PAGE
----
And men suffer. First because there has been a war on masculinity since the 1960’s. Men are either to be mocked or demonised. In the media strong but violent thugs or total wimps. A challenge then; name me just one figure from film or television who depicts a strong, impressive and loving alpha male who is faithful to his spouse and delights in his children. Good luck with that!

And men suffer because of pornography. That corrosive aspect of modern life. Actually I think all of us are, to some extent, damaged by this because sex is everywhere presented to us and displayed as something quite detached from what it should be- on magazine covers, television, etc.. I love the quote that pornography isn’t wrong because it shows too much but because it shows too little. We see nothing of the sacred being who is of infinite value to God.

See how children, women and men all suffer then because of this working out of the sexual revolution. And to point this out is not an exercise in demonising those who have suffered because of it. All of us have in one way or another. That is the problem when a degenerate philosophy is embraced by society- very decent people unwittingly fall into dangerous beliefs and behaviours and are then duped into making poor decisions. I know I have repeatedly.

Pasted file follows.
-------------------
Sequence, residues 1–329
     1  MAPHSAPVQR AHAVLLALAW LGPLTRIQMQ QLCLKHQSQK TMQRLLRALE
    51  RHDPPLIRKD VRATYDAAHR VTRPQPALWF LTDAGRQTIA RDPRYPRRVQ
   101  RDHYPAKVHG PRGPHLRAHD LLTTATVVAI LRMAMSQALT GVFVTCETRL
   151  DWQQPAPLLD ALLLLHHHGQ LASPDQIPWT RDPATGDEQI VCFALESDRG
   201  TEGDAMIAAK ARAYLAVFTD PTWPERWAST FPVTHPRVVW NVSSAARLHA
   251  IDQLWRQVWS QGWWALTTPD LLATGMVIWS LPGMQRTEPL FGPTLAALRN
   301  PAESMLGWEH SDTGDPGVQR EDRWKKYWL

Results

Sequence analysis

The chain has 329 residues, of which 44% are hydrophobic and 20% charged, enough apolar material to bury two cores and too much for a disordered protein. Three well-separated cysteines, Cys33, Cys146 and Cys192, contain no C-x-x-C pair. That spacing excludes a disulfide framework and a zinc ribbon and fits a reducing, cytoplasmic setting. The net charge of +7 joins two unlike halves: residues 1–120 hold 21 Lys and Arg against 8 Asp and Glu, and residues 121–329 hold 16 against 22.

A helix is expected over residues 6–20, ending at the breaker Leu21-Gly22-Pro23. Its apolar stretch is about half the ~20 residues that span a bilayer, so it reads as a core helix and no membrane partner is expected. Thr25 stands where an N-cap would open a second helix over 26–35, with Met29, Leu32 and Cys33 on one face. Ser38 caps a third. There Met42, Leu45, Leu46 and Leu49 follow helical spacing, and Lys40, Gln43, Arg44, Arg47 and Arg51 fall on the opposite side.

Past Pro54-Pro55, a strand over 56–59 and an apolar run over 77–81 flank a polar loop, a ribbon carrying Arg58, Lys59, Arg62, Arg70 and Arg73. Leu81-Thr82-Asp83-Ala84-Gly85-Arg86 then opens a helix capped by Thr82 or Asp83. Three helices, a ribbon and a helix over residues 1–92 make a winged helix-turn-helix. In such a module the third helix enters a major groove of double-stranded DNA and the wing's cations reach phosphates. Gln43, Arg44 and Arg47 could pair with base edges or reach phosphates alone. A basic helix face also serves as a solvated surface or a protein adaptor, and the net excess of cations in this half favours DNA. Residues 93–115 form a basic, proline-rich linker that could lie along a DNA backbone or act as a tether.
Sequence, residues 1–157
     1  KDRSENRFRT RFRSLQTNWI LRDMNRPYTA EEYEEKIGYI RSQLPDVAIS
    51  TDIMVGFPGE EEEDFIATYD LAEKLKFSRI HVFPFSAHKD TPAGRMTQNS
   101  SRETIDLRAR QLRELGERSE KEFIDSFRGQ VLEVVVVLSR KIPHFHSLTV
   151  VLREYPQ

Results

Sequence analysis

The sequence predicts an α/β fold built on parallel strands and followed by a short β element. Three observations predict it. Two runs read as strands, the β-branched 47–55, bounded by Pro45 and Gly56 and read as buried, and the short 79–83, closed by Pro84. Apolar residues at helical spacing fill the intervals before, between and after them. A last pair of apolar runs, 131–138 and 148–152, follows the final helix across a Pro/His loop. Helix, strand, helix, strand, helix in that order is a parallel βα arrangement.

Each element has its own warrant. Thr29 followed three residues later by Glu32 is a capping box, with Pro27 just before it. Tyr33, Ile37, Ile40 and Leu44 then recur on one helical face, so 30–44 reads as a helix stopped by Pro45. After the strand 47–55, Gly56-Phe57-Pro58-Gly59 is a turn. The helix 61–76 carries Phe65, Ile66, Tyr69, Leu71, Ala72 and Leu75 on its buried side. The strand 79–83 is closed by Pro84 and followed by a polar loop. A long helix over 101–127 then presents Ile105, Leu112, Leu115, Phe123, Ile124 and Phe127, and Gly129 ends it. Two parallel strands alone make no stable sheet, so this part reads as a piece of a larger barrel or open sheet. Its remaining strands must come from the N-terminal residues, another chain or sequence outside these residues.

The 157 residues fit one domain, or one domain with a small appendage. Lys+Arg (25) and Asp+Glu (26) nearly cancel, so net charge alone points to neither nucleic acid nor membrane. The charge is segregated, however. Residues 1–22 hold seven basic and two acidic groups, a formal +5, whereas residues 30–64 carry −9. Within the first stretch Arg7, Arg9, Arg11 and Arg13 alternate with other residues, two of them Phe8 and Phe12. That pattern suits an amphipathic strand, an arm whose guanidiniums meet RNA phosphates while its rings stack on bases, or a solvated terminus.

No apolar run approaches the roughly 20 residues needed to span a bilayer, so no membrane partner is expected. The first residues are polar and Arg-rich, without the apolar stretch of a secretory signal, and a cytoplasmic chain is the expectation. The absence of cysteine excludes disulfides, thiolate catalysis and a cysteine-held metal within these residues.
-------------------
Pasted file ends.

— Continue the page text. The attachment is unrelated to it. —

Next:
You need not be prudish then, or rigid, to see that the sexual revolution has seriously diminished our understanding of sexuality and relationships; to the point that marriage and family life are in a terrible crisis. And that we find ourselves struggling to bless it as Jesus did. Or even to define it as he did when he spoke of a man leaving his parents and cleaving to their spouse. It is imperative then, no matter our own life story or circumstance, that we stand up for Christ by being passionately pro-family, pro-marriage, pro-children and pro-life as we look to the future. We will not heal the society until we heal the church. And we will not heal the church until we heal the family.